CC BY-NC-ND 4.0 · J Neurosci Rural Pract 2022; 13(02): 339-342
DOI: 10.1055/s-0042-1743211
Case Series

Longitudinally Extensive Transverse Myelitis: One Disease, Variable Outcomes—A Case Series

Shyam Chandrasekar
1   Department of Pediatrics, All India Institute of Medical Sciences, Bhubaneswar, Odisha, India
,
1   Department of Pediatrics, All India Institute of Medical Sciences, Bhubaneswar, Odisha, India
,
Amit Kumar Satapathy
1   Department of Pediatrics, All India Institute of Medical Sciences, Bhubaneswar, Odisha, India
› Author Affiliations
Funding None.
 

Abstract

Longitudinal extensive transverse myelitis (LETM) is a rare form of widespread inflammation of the spinal cord causing T2 hyperintensity in spinal magnetic resonance imaging (MRI) extending across three or more vertebral segments. It is an acute onset of sensory, motor, and autonomic dysfunction of variable etiology with a likely poor outcome. We present a case series of three cases wherein children between the ages of 4 and 13 years had diverse symptoms from gradual painless loss of vision in both eyes with headache, vomiting and seizure, and a normal central nervous system examination except involvement of the optic nerve to another child with abdominal pain, urinary retention and constipation for 3 days with exaggerated DTR, and patchy sensory loss without any definite sensory level, and to the third child with fever and weakness of lower limbs, hypotonia and grade 1–2/5 power in lower limbs and normal upper limb power. Contrast-enhanced MRI spine of all children showed long segment T2 hyperintensity with variable involvement of the brain. The first two children were treated with pulsed dose methylprednisolone, and the last child received intravenous immunoglobulin followed by methylprednisolone. All were followed with oral prednisolone. LETM has a varied presentation with different etiologies. Antineuromyelitis optica immunoglobulin G (IgG) antibody (Aquaporin-4 IgG) and antimyelin oligodendrocyte glycoprotein antibody are strongly recommended though they may not be locally available or not affordable. Early and aggressive immunomodulatory therapy may help faster recovery, as did with two of our three children.


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Introduction

Childhood acute transverse myelitis (ATM) has an incidence of 1.7 to 2 per million per year and contributes to almost 20% of the demyelinating neurological illnesses in children less than 18 years of age.[1] ATM could be either short segment or longitudinally extensive. Longitudinal extensive transverse myelitis (LETM) requires demyelination to involve three or more contiguous vertebral segments.[1] [2] LETM is often associated with neuromyelitis optica (NMO), but postinfectious and spinal cord infarction are other possibilities. NMO and its spectrum involve the coexistence of inflammatory myelitis and optic neuritis without any symptomatic disease outside these regions and was initially reported in 1870.[1] LETM can also be the presenting feature of various autoimmune conditions, such as systemic lupus erythematosus, acute disseminated encephalomyelitis (ADEM), Sjogren's syndrome, may be part of a viral infection, and occasionally even after detailed investigations, no cause may be found.[1] The prevalence of NMO spectrum disorders (NMO-SDs) in various studies from the western world ranges from as low as 0.022 in the Caucasian population to as high as 10 per 1,00,000 in the East Asian or black populations.[3] [4] Early identification of anti-NMO immunoglobulin G (IgG) antibody (Aquaporin-4 [AQP4] IgG) and anti-myelin oligodendrocyte glycoprotein (anti-MOG) antibody helps differentiate this from other autoimmune disorders.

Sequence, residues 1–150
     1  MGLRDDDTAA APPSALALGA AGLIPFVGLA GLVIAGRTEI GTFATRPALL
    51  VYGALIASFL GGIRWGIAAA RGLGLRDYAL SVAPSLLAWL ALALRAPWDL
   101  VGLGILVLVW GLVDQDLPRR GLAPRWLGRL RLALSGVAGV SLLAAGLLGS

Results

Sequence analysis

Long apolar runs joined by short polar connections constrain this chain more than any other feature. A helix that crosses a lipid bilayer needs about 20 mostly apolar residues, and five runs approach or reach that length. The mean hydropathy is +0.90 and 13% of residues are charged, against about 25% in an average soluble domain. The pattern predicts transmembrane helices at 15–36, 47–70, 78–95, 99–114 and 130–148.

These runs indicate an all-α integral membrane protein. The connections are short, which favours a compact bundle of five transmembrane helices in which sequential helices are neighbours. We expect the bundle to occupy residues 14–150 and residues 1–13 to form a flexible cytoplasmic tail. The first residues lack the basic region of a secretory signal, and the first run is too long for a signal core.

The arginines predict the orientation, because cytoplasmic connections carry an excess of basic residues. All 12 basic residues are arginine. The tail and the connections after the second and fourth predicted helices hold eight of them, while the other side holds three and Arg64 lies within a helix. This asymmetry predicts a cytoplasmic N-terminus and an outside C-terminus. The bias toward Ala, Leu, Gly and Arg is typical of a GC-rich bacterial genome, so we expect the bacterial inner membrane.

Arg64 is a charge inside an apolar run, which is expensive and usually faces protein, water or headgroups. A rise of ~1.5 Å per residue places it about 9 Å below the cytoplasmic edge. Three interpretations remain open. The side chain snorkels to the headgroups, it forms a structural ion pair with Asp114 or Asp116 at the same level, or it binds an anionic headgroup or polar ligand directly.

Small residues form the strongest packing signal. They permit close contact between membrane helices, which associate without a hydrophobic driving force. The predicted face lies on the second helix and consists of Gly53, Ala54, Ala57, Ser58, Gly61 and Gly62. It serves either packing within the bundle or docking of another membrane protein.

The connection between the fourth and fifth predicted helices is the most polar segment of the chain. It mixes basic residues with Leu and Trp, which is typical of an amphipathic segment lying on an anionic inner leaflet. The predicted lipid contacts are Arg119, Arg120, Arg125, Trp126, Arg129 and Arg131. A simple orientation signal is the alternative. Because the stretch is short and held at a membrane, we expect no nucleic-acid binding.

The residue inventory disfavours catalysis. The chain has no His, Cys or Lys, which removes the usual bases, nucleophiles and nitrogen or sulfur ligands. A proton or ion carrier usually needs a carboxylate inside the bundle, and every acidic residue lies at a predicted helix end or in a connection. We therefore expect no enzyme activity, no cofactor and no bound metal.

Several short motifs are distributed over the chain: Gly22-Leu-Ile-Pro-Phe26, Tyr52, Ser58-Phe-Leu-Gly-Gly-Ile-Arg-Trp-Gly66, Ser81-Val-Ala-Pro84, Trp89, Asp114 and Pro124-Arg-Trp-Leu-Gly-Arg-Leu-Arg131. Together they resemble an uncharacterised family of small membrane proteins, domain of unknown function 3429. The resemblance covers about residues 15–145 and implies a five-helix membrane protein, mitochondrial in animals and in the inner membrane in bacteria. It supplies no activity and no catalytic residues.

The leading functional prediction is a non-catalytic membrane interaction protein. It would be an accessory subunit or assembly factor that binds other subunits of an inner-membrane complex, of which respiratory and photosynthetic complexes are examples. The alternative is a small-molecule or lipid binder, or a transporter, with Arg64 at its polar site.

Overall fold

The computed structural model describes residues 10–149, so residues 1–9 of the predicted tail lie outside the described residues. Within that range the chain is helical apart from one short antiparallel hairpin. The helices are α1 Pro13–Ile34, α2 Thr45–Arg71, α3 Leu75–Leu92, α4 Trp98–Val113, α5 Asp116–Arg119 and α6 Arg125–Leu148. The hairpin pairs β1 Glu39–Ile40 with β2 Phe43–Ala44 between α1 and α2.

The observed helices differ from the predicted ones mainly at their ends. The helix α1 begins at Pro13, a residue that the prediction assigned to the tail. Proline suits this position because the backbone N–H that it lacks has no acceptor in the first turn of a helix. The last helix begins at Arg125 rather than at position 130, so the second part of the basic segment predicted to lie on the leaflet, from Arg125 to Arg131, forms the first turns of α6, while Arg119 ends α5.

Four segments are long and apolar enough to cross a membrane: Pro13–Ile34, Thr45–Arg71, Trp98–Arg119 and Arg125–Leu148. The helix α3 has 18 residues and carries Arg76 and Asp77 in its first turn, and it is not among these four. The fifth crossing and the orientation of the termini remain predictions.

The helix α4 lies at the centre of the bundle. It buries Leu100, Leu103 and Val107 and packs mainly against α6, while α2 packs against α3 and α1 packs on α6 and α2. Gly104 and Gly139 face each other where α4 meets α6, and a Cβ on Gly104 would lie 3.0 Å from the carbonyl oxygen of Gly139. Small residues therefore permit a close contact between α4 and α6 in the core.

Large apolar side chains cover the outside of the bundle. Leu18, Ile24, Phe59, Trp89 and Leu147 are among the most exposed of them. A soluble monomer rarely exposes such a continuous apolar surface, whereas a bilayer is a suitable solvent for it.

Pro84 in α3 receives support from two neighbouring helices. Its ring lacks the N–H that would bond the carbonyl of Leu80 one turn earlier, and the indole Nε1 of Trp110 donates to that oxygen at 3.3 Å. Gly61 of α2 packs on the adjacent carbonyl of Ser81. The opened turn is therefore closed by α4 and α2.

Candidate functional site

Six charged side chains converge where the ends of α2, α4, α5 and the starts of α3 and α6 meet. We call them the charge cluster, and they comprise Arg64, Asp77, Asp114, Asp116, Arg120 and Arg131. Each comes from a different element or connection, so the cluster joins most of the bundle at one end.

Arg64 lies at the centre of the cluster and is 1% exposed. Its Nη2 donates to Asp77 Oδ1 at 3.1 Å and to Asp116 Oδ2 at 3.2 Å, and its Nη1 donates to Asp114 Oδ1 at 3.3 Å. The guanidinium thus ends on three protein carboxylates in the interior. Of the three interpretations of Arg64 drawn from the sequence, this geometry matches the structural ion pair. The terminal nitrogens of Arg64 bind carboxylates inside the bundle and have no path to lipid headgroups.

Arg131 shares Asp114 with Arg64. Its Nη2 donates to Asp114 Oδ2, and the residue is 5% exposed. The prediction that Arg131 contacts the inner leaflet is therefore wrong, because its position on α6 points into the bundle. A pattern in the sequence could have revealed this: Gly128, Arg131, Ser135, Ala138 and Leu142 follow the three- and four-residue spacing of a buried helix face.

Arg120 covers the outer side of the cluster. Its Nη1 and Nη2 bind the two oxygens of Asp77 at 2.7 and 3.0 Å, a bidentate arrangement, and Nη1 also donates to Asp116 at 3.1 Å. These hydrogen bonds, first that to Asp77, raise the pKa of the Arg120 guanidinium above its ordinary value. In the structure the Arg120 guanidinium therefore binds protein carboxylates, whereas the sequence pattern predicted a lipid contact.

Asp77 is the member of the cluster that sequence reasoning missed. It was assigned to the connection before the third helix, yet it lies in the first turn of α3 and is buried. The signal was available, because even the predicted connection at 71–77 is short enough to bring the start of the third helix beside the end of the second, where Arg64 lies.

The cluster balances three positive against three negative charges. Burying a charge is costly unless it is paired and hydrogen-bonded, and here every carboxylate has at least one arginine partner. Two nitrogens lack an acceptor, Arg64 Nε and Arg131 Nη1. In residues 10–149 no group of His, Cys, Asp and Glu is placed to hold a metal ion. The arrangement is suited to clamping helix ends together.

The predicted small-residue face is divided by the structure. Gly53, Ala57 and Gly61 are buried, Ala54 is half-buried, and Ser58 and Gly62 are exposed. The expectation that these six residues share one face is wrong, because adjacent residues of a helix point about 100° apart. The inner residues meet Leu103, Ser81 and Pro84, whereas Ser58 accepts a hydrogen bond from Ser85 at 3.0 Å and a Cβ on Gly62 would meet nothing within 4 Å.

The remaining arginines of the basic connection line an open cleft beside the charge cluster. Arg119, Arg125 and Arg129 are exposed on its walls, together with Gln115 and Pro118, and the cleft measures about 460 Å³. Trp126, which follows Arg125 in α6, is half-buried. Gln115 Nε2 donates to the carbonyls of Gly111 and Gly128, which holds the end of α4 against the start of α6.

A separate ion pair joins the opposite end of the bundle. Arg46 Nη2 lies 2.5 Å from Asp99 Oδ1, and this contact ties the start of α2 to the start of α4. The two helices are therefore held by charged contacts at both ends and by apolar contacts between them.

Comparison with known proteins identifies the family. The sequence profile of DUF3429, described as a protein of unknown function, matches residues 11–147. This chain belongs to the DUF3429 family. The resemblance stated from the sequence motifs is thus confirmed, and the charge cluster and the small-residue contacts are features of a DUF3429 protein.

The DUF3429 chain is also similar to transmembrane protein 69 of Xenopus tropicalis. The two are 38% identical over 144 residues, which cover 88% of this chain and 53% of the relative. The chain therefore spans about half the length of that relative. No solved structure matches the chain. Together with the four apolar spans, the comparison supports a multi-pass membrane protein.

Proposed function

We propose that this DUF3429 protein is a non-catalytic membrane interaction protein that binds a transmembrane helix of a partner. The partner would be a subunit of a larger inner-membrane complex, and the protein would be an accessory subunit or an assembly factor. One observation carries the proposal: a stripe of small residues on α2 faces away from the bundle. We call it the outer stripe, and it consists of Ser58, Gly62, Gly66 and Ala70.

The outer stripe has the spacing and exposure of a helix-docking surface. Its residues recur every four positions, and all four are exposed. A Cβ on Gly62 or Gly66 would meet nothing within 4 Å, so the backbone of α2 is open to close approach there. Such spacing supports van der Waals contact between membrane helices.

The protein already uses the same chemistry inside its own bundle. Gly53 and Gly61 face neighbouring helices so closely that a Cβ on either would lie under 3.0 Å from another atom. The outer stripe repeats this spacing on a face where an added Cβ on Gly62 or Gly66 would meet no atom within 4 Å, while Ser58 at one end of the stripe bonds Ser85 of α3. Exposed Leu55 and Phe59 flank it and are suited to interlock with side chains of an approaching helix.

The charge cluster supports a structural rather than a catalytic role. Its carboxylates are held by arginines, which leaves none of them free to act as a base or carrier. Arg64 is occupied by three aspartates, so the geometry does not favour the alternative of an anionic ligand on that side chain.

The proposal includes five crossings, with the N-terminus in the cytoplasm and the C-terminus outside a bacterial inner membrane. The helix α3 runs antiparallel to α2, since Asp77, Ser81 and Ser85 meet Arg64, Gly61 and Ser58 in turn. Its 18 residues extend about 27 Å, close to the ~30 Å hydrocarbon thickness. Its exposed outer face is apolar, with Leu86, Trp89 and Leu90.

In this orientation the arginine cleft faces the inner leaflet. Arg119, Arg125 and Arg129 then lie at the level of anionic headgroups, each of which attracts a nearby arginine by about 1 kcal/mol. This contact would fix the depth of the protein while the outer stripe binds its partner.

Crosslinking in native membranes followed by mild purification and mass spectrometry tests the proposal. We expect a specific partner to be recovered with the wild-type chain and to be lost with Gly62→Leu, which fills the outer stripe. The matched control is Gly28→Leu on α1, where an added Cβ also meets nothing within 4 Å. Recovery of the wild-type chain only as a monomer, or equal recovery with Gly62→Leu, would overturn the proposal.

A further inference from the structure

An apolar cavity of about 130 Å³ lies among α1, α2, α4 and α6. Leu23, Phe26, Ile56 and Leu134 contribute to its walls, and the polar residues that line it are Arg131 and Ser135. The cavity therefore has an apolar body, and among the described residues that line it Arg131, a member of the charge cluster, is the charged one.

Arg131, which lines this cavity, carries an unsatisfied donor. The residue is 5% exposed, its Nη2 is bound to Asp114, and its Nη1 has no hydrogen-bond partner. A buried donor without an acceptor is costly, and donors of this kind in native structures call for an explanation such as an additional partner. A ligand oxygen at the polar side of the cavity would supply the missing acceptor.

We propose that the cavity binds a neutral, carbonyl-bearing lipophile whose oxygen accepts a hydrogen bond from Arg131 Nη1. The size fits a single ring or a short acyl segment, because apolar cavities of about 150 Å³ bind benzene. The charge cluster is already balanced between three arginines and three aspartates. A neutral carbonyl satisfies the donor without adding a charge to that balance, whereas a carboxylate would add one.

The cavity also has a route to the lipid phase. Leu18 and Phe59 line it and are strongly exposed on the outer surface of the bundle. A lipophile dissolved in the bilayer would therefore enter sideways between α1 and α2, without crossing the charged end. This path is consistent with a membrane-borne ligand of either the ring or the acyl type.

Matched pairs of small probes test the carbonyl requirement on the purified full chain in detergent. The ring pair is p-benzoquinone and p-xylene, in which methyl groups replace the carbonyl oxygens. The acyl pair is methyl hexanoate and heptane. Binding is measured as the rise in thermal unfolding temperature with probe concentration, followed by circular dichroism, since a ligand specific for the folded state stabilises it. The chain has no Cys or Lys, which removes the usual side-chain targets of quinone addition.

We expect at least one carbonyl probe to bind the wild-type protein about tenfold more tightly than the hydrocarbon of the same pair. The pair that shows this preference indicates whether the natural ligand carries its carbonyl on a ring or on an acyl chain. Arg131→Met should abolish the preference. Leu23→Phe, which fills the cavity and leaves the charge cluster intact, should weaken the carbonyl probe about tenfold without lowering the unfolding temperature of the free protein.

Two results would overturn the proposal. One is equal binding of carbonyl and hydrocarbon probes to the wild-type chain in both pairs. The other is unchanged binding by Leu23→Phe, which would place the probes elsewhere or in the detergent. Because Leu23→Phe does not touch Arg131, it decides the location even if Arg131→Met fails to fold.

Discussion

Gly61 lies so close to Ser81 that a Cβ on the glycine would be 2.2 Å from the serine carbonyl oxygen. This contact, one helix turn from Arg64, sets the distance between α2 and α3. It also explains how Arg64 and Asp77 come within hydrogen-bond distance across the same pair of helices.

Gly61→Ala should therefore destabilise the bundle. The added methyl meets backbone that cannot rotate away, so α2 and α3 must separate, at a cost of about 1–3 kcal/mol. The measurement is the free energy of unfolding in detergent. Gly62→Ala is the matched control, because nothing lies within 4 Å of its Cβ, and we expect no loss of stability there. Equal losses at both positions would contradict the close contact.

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Case 1

A 4-year-old boy presented with gradual painless loss of vision in both eyes with headache, vomiting, and one episode of a generalized tonic-clonic seizure. He had absent light perception in both eyes, with the rest of the systemic examination being normal. There were no other features suggestive of inflammatory connective tissue disease. Laboratory investigation revealed a normal hemogram, erythrocyte sedimentation rate of 15 mm/h, negative C-reactive protein, and negative antinuclear antibodies (ANAs). Ophthalmology examination showed disc pallor in both eyes. Cerebrospinal fluid (CSF) analysis revealed 10 cells, predominantly mononuclear with normal glucose and protein and a negative culture. Contrast-enhanced magnetic resonance imaging (CEMRI) of the brain with spine showed T2 hyperintense signal with minimal enhancement in the cord involving both gray and white matter with mild cord expansion extending from D6–D7 to D10–D11 suggestive of a LETM with the brain being normal ([Fig. 1A]). Visually evoked potential (VEP) revealed prolonged P100 latency indicative of demyelination. EEG was normal. The child was managed with pulsed injection methylprednisolone for 3 days followed by oral prednisolone for 1 month. The child recovered clinically with 6/6 vision after 7 days of starting treatment with no further seizures. He is on regular follow-up and is doing well.